Spain's National Court has ordered arrest warrants for former Chinese President Jiang Zemin and four other officials on suspicion of involvement in alleged genocide in Tibet.
VOA obtained a copy of the ruling of the Madrid-based court from one of the plaintiffs on Tuesday. The document, issued a day earlier, called for the arrest of former Chinese President Jiang and the other officials to enable authorities to question them about the genocide allegations.
The plaintiff that provided the document is the Tibet Support Committee (Comite de Apoyo Al Tibet)
, a Spanish group that advocates for the rights of Tibetans in China.
China had no immediate comment on the Spanish court's action. The court indicted another former Chinese president, Hu Jintao, in connection with the genocide case on October 9. That move prompted China's foreign ministry to denounce what it called an attempt to "interfere" in Beijing's "internal affairs."
The Tibet Support Committee filed suit against the former Chinese leaders in Spain because the European country enables its courts to prosecute alleged war crimes and genocide committed anywhere, provided the victims include Spanish citizens. One of the co-plaintiffs is a Tibetan Buddhist monk with Spanish citizenship, Thubten Wangchen.
Tibet Support Committee head Alan Cantos told VOA another reason his group is seeking prosecutions in Spain is that Chinese officials cannot be tried at the International Criminal Court. China has refused to ratify the Rome Statute that established the Netherlands-based court in 2002.
Speaking by phone from Madrid, Cantos said the five former Chinese leaders sought by the Spanish court will have to be careful about their movements.
"They stand accused of very serious crimes. And in a way, they are jailed in their own country, as they risk arrest if they leave their country. So, the impunity they enjoyed until now is seriously hindered by the accusations and by the orders of international arrest," said Cantos.
The other Chinese officials named in the arrest order include former prime minister Li Peng, former security chief Qiao Shi, former Communist Party official Chen Kuiyan and former family planning minister Pen Pelyun.
Spain's policy of granting universal jurisdiction to courts in war crimes and genocide cases allowed a Spanish judge to pursue charges against the late former Chilean president Augusto Pinochet. British authorities detained the former autocratic ruler in London in 1998 in connection with that case, but later released him on medical grounds.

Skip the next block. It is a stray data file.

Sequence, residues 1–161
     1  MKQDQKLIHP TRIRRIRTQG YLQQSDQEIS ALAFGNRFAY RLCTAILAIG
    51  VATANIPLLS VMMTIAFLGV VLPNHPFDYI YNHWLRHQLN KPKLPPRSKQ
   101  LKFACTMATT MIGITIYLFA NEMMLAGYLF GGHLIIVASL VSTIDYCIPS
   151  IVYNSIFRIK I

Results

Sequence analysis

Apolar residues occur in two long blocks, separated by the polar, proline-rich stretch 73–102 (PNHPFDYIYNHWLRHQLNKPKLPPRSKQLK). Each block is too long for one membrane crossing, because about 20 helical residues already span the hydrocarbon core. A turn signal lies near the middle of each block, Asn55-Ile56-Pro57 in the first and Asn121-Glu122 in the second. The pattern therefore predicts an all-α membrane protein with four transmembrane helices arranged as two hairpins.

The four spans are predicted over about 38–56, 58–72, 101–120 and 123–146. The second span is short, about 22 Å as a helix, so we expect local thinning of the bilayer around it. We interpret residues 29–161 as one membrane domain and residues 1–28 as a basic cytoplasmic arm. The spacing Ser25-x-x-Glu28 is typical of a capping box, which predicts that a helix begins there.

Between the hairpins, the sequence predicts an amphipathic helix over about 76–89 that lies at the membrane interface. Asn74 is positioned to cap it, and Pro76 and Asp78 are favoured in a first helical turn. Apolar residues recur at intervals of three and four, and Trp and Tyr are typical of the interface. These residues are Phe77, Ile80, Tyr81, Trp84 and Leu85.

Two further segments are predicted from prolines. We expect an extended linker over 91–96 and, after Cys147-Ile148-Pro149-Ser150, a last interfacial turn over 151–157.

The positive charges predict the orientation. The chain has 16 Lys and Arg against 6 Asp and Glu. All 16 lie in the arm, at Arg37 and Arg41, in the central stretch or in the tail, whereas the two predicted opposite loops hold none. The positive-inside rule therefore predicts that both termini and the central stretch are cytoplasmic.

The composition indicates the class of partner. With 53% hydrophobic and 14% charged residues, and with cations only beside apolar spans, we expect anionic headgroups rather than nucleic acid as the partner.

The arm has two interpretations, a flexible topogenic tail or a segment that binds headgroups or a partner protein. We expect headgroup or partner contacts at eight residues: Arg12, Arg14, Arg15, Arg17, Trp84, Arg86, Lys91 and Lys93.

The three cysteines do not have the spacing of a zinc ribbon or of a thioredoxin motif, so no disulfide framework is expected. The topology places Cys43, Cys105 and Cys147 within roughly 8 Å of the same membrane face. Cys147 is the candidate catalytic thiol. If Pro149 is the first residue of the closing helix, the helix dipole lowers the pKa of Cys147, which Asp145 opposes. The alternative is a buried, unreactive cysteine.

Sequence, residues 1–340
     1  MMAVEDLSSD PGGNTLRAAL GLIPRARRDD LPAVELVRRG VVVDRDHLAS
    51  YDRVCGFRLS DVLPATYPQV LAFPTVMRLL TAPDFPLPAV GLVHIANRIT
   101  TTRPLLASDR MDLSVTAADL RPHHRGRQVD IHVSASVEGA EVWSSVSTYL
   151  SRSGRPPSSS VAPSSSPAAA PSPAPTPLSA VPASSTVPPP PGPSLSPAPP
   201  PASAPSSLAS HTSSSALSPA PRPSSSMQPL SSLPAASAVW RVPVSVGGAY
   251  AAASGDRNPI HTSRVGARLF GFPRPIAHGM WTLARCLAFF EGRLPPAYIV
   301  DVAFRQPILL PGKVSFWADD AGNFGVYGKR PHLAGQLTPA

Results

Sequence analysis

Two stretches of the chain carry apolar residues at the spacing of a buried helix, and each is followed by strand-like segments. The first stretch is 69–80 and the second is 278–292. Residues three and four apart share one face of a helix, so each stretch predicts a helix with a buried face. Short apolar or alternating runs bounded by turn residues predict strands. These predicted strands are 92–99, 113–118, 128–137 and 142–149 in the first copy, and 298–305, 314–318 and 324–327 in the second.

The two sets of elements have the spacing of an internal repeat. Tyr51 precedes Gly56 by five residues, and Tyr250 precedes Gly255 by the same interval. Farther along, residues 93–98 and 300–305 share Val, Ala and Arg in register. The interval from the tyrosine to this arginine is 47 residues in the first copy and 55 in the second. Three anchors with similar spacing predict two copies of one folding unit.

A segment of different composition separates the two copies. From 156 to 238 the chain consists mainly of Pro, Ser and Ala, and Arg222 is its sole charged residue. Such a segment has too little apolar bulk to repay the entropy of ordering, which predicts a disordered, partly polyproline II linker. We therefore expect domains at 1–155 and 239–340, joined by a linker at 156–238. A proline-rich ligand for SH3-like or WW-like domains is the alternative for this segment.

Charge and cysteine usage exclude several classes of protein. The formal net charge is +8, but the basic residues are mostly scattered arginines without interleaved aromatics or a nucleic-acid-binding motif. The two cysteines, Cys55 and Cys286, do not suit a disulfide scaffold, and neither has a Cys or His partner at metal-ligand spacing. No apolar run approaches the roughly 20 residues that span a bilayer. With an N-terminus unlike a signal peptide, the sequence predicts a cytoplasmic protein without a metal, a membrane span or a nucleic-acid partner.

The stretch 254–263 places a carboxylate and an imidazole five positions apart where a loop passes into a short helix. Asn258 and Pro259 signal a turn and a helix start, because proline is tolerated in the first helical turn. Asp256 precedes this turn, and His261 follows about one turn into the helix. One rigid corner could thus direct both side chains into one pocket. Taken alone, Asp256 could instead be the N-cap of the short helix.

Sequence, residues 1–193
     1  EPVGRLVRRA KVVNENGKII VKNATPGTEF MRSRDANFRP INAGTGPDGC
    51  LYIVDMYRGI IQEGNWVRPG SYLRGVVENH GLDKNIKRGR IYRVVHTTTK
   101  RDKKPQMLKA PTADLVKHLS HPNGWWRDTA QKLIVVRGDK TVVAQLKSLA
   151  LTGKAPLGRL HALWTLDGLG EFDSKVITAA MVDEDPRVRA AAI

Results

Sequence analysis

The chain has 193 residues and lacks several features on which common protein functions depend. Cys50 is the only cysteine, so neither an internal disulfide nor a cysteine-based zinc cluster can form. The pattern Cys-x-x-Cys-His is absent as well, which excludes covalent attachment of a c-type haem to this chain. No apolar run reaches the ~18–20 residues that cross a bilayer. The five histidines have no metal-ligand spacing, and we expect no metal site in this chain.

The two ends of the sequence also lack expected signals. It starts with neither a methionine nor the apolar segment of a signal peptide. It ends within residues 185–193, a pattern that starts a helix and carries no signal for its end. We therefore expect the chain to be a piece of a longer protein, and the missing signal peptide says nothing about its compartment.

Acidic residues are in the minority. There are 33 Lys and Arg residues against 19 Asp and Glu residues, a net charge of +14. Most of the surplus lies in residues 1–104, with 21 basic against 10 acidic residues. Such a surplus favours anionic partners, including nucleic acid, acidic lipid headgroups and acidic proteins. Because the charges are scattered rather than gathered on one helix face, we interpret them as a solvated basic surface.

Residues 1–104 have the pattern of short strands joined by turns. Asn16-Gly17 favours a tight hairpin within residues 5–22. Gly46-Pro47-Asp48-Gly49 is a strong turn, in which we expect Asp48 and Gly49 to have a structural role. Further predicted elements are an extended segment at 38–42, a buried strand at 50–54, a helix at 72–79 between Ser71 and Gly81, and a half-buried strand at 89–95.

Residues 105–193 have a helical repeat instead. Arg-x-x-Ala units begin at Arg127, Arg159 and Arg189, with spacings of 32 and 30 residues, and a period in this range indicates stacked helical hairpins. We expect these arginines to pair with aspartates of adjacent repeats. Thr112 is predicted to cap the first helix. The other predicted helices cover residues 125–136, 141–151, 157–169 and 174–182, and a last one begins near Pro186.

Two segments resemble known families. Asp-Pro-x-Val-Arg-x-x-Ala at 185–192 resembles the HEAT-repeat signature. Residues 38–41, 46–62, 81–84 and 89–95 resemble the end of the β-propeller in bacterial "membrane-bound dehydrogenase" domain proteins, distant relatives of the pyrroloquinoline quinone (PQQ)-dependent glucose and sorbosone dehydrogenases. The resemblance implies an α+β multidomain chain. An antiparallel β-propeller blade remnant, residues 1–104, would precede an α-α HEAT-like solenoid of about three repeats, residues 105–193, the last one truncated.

In a commentary published Monday, Tokyo-based online magazine The Diplomat
said most Spanish universal jurisdiction cases have not led to convictions of foreign suspects.
The magazine said it is "virtually unthinkable" that China's indicted leaders will be extradited and forced to defend themselves before a Spanish court.
Cantos said his group's legal campaign against the former officials is about more than just a desire to see them in prison.
"The law is a long process from the moment you denounce the crimes, let the witnesses and experts unfold the truth and tell their story. All of that is part of justice and part of accountability. So in that respect, I think the signal sent by these cases is very significant, even though it may not end up in the classical movie theme of trial, verdict and jail," he said.
One notable success for Spain's universal jurisdiction system was the conviction of former Argentinean naval officer Adolfo Scilingo in 2005 for crimes against humanity. After he traveled to Spain voluntarily, a Spanish court sentenced Scilingo to hundreds of years in prison for complicity in throwing 30 people to their deaths from planes when Argentina was under military rule from 1976 to 1983, a period known as the "dirty war."
Cantos said Spain's National Court issued a second document on Monday, formally notifying former Chinese President Hu of the October indictment and requesting information about the leader's actions in Tibet. The court has not said whether it seeks Hu's arrest.
The former president served as Communist Party chief of the Tibetan Autonomous Region from 1988 to 1992 and later as Chinese head of state from 2003 to 2013.
The region has been under the control of the Chinese Communist government in Beijing since 1950.
Many Tibetans accuse the Chinese government of repressing their religion and culture. China says Tibetans enjoy religious freedom and benefit from better living standards linked to Chinese investment in underdeveloped Tibetan regions.
The Tibet Support Committee welcomed the latest moves by the Spanish court as a hopeful sign for what it called "Tibetan victims of [Chinese] occupation and repression." It said the action also is good for the "health of the Spanish judicial system and the separation of powers in our democracy."